I am a son of Tahrir
Born into hope, into heat, into thousands of voices
I am a son of Tahrir, out in the crowd on the street
Our pain, our pride, our choices
Tahrir is now
And, now is here
We’ll wait an hour, a day, a month, a year
We have cracked the wall of fear
We’ll see it crumble
“Tahrir Is Now,” a song from the musical “We Live in Cairo,” was playing in the background as I read the news about the controversy over the local elections in Turkey. The ruling party, which has been in power for 17 years now, lost the municipal elections to the opposition in Istanbul. However, the newspaper wrote, the ruling party was refusing to accept the election results, alleging that there had been fraud. “Do our choices really matter?” I asked myself.
“No,” the state replied, as it overturned the election results after a few weeks.
I was disappointed and frustrated. Then, I heard the Lazour brothers, creators of the musical, which is currently in production at the American Repertory Theatre, sing “Tahrir Is Now.” In this song, I heard the refrain: “Yes, your choices matter.”
I have never been to Tahrir, a square in Cairo known as the location of the 2011 political demonstrations. I do not speak Arabic. In fact, I did not even know “Tahrir” meant “freedom” until I enthusiastically played the song for a music-savvy friend of mine who happened to speak the language. How, I wondered, can a song whose title I do not even understand mean so much to me? Why was I so excited to see the production of “We Live in Cairo?”
This musical is written by Daniel and Patrick Lazour, brothers and collaborators of Lebanese descent. Its plot follows the story of six students as they fight to bring down the regime of President Hosni Mubarak on the streets of Cairo through various means: Hany and Amir write protest songs while Karim and Hassan paint murals; Layla takes photographs at the protests that Fadwa organizes. Inspired by the actual young Egyptians who took over Tahrir Square in 2011, the musical tells a fictional story rooted in reality.
This reality was that 846 protesters were killed and 6000 more were injured by the police during the 18 days of protests in Tahrir Square, protests that nevertheless persisted under the slogan “Bread, Freedom and Social Justice,” fuelled by the hope for a better economic and political system. It was the reality behind its story that rendered “We Live in Cairo” particularly moving for me. I could not dismiss it as a yet another art piece that romanticizes activism; it was real, and I felt empowered.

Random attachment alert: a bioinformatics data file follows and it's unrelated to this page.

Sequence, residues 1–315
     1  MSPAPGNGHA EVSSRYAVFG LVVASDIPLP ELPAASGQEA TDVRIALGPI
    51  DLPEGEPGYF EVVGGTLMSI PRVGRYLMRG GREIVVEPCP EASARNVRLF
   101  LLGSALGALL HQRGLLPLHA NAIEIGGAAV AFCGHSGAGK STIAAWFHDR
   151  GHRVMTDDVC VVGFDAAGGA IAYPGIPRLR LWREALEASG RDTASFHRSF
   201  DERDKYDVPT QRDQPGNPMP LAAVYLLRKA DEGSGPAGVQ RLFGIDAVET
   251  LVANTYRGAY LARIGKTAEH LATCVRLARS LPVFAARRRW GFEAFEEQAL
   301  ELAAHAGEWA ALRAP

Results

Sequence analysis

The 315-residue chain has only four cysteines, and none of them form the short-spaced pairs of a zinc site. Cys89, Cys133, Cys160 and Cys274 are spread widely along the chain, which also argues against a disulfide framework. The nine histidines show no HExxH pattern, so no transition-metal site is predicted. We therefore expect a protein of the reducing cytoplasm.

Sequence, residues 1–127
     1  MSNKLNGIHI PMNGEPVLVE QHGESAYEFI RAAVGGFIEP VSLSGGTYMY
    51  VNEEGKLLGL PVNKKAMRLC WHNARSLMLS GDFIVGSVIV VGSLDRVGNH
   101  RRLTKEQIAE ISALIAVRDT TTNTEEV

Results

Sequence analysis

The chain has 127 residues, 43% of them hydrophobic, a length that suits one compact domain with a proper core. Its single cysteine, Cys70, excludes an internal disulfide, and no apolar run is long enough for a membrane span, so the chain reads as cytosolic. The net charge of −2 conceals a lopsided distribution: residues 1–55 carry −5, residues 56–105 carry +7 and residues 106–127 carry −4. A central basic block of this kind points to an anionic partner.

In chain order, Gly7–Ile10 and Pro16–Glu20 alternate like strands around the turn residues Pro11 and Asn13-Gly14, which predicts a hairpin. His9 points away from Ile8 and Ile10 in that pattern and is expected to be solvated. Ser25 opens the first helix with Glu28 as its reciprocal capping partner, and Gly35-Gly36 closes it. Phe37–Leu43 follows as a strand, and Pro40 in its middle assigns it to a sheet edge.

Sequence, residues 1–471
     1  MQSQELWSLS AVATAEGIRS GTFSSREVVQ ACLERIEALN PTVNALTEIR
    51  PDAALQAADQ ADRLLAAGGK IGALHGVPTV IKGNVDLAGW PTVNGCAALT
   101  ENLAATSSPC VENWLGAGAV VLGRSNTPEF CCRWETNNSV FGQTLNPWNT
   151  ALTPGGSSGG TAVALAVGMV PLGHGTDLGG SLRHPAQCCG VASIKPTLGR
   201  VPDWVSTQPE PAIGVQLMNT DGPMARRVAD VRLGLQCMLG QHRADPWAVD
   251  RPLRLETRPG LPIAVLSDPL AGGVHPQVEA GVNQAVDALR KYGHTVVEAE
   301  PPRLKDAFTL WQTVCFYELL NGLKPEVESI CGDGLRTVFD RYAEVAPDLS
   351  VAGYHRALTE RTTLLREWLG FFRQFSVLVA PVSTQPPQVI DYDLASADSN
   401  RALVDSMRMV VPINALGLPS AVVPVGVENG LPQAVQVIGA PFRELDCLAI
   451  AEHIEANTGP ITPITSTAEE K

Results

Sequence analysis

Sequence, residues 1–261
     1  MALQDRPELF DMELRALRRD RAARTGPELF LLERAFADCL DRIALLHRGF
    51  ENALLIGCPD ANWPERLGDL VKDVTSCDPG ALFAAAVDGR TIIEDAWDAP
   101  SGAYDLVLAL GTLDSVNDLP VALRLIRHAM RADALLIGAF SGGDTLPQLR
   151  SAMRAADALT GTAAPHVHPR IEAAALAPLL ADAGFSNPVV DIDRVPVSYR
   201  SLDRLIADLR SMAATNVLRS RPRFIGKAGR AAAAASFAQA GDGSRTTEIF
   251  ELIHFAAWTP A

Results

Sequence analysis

As someone from Turkey... –– I found myself prefacing every opinion I expressed about the show with this phrase. It felt right to me and nobody else questioned it, but I could not pin down what about my Turkish identity served to connect me so directly to the Egypt of 2011 represented onstage — especially given that Egyptian culture actually shared relatively few commonalities with my own. But when I talked to Sharif Afifi, who plays Karim in “We Live In Cairo,” his words clarified the link.
Although it is never explicitly vocalized in the play, Karim is a gay man. I asked Sharif if he felt the need to talk to gay men in Egypt while building his character. He explained that the danger of being openly queer in Egypt made this endeavor impossible, but that he was able to draw upon his personal experiences as an openly gay Anglo-Egyptian.
“As much as the details of suppression and oppression are specific to a country,” he added, “there is something universal in that feeling of imprisonment of self.”
There was my answer. The number of people who were killed and injured during the 2013 protests against the government in Istanbul was different than in Cairo, but violence is the same. The number of journalists imprisoned in Turkey for speaking up was different than in Egypt, but censorship is the same. The deep-seated fear that unconsciously lowers your voice while talking about politics in public is the same. The need to cover your face with a scarf against tear gas before going out to protest is the same.
If the imprisonment of self could be universal across national borders, perhaps so could the imprisonment of ideas and ideals.
Dana Saleh Omar, who plays Fadwa in the musical, told me that she has been searching for something like “We Live in Cairo” for her entire life.